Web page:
She took a job in a snooty grocery store and was soon modelling during the lunch hour. (One of the other mannequins is now the Mayoress of Westminster. (She left after six months. She was awfully grand.)

One catwalk leads to another. In 1959 the wraith-like blonde was crowned Miss Mini.

Picture the scene, October 1959. Mandy. Draped over a Mini. The combination of Mandy mit Mini was revolutionary! Grand Prize R100. Pne week in London, wined, dined and feted.

‘I thought ”This is for me!” I went back home and it was all rather flat and dull, When I asked my parents if I could go to London there was a resounding ‘No!’ So I ran away.’

It was your actual She’s Leaving Home script: Note on pillow. Twenty quid in pocket. Cardboard suitcase in hand.

‘I thought that if I didn’t get a job, I could always go back. But of course, you don’t, do you?’

She saw an ad for dancers in a club and got the job on the spot. Then she met Christine Keeler – Britain’s notorious good-time girl whose liaisons with War Minister John Profumo and a soviet naval attaché led to the 1963 scandal.

The rest is history. Or money in the bank.

She laughs her gorgeous giggly effervescent laugh.

But while Christine has shrivelled under the limelight, Mandy seems to have become Mandy – but more so.

In the best Dale Carnegie tradition, she neatly (well, perhaps not that neatly) reversed the worst scenario into the best opportunity.

She went on to open a string of restaurants and nightclubs in Israel, published the first glossy magazine in that country, released hit-records and starred in movies.

‘I haven’t seen Christine at all. We’re two different characters.’

‘It’s a question of perseverance and courage. It’s the ability to leave things behind and not continually harp on about what was and what will be, but what is now. And to take it from the Socratic each time. Life is one thing after another. You have to be very careful not to make historical mistakes.’

Has she made any historic mistakes?

‘Well, yes. Obviously!’ She is practically overcome by a surge of giggles.

‘But lets get back to how I reacted differently to Christine, I’m a great believer in not subscribing to the victim theory in life. I’m in charge of my own head.’

‘That’s why I always have framed photography of Einstein around – to remind me of the power of logic over emotions – the way that  you can get anything you really want in life. Being blown off course is depressing. And annoying,

Fearless as a child, she admits that she ‘got her breath knocked out of her in 1963. ‘I no longer lapse into hubris.I also don’t read newspaper cuttings. I keep them in a bag for about three years.

‘People go on about having a free Press. What we must aim for is a free and responsible press. What makes me very angry is injustice and bureaucratic stupidity. I’d still give myself six-and-a-half  out of ten for a life score.’

There are Writing Days and Other Days. A Writing Day starts like this:

‘My husband makes me coffee and I lie in bed and smoke a cigarette. Ah, you’ll have to ask my husband what I wear in bed. He gets up at some horrible, unearthly hour like seven o’clock. If it’s a Writing Day I think what my character is going to do, or about the article I’ve got to write.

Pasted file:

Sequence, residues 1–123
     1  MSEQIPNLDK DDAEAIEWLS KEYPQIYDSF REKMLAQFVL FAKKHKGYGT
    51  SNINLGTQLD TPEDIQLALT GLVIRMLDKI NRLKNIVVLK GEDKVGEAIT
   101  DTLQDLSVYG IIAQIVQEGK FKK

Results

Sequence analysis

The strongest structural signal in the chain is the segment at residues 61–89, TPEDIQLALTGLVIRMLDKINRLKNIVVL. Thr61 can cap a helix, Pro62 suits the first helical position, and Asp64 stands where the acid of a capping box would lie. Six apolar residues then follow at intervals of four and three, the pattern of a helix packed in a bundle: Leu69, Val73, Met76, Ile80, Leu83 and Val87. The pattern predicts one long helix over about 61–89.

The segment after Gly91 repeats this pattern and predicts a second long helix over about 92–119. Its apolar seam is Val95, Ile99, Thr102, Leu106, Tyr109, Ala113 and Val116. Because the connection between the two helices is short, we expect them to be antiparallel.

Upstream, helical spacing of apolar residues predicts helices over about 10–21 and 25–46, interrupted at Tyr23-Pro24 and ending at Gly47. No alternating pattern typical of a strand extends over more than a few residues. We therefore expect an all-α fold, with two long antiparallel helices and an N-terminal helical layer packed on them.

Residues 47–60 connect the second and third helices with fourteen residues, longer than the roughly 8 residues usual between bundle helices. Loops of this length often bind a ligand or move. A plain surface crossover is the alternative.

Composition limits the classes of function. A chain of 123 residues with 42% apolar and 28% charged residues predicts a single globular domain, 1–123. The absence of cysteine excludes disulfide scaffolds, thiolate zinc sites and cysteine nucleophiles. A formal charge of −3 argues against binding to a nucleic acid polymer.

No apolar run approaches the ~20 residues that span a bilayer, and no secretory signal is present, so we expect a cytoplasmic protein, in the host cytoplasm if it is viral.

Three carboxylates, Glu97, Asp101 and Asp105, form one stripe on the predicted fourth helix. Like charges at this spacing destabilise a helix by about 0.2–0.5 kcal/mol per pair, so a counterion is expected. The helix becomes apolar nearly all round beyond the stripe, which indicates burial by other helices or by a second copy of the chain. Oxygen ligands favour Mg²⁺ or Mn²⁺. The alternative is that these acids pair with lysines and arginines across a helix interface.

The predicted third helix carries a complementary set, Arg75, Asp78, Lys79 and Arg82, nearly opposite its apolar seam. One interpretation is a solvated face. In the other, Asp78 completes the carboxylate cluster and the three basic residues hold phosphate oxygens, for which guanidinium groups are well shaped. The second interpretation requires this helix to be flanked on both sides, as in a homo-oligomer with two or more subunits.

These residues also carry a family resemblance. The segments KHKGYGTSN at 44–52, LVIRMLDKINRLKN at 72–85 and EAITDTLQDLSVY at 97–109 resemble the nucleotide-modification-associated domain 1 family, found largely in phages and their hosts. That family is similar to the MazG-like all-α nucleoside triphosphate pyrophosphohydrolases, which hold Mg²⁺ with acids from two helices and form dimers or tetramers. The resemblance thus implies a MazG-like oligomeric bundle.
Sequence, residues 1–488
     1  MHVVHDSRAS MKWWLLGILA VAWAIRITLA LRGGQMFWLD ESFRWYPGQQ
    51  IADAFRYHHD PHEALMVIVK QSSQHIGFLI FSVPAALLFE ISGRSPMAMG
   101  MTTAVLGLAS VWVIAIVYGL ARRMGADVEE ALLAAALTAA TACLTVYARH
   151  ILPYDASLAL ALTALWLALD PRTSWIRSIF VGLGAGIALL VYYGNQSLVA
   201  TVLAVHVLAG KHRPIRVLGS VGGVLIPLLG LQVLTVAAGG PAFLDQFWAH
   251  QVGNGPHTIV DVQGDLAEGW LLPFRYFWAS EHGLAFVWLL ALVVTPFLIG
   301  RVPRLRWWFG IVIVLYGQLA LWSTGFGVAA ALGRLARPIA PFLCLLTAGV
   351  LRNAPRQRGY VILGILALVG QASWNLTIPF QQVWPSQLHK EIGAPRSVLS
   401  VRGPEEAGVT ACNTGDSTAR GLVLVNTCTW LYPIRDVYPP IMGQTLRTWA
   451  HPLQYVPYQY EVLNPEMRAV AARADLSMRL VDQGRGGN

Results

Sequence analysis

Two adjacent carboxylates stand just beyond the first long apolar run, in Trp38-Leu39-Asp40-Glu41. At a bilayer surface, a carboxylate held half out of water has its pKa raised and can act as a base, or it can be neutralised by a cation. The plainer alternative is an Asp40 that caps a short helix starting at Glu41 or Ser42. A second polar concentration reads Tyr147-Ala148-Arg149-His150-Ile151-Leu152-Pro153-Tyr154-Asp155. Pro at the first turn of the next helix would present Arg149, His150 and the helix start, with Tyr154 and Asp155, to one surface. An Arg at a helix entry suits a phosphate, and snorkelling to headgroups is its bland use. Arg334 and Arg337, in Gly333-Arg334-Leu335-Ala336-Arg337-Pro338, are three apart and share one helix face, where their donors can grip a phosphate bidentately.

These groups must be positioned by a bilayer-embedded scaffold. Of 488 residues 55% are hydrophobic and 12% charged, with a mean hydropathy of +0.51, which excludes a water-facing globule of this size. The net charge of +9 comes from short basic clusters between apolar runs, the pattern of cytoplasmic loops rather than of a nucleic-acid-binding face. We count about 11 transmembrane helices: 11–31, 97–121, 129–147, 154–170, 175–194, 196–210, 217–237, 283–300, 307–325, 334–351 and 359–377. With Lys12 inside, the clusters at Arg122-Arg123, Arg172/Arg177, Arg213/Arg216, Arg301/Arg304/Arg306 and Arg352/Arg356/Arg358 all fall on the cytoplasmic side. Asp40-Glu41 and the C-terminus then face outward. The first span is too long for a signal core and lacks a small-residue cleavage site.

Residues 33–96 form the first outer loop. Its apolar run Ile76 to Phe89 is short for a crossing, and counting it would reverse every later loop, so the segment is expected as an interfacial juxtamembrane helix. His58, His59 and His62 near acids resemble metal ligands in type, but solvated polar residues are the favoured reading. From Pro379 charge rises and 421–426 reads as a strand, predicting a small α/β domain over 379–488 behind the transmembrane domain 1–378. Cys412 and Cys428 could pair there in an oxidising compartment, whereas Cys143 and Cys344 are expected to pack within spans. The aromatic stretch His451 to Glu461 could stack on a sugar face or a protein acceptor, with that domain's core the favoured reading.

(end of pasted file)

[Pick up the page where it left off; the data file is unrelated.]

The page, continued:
Then she drags herself to the bathroom, splashes water on her face and brushes her teeth.

‘Then I go to the kitchen for my second cup of coffee and my second cigarette then my third cup of coffee and my third cigarette…And I think about dinner that evening, whether we need fresh flowers or anything else I can to avoid writing.’

‘I put it off and put it off and put it off. But when you start you’re in Never-Never- Land. You can’t stop!’

‘Huge panic when hub calls. Jump into shower. Make-up. Perfume. He comes in the door and it’s ”Hellooooo darling!” ‘

At night it’s all restaurants. For business entertaining. She likes French, Italian. The Connaught for upmarket occasions. Scotts for upmarket occasions. The Savoy for (very rare) lunches.

She has summer drinks and winter drinks. In summer she sticks to champagne. Bollinger. And she likes vodka. Neat.

And of course wine. Ken’s something of a connoisseurs so coming to South Africa will be fun. Mala Mala sounds like her kind of place.

The Scarlet Thread is her second novel. It’s been described as a stirring wartime saga in the spirit of Gone With The Wind.

The dangerous world of the crumbling Ottoman Empire is the dramatic backdrop. It took three years to write. Her compassion for humanity is apparent. And sincere. ‘But,’ she giggles, ‘I don’t think the world is ready to accept my book on philosophy yet.’

Hers has been a Rich and Colourful life. The highs have been perilously so (acting with Sammy Davis, launching her autobiography Mandy, starring in Tom Stoppard’s Dirty Linen in the West End… The lows have been What-Can-I-Tell-You-Doris-If-It-Had-Happened-To-Me-I-Would-Have-daaaaaard..

Perhaps Emily Brontë’s quote would be an apt description of the Mandy Rice-Davies phenomenon;

No coward’s soul is mine. 

 

*This column originally appeared in the South African Sunday Times on September 10, 1989. It was Jani Allan’s final column for the publication.